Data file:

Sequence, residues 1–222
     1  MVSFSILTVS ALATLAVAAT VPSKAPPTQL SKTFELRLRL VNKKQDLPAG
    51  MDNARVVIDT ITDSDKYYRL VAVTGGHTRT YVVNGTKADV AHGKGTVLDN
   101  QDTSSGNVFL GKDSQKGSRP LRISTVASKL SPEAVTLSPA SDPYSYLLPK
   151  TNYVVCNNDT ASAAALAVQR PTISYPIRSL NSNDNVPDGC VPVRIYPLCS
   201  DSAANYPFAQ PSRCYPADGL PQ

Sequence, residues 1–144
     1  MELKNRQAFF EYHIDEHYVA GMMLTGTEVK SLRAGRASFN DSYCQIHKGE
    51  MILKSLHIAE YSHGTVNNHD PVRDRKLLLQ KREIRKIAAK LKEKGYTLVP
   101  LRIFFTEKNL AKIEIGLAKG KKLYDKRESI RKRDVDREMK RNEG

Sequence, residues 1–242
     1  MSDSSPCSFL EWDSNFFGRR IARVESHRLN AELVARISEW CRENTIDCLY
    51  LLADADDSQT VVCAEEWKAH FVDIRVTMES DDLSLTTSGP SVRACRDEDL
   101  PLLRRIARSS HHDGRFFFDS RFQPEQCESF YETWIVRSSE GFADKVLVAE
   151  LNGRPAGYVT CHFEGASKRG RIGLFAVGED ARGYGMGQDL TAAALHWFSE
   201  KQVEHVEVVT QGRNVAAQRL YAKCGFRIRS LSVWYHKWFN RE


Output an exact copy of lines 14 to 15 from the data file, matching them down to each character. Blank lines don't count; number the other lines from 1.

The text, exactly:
   101  PLLRRIARSS HHDGRFFFDS RFQPEQCESF YETWIVRSSE GFADKVLVAE
   151  LNGRPAGYVT CHFEGASKRG RIGLFAVGED ARGYGMGQDL TAAALHWFSE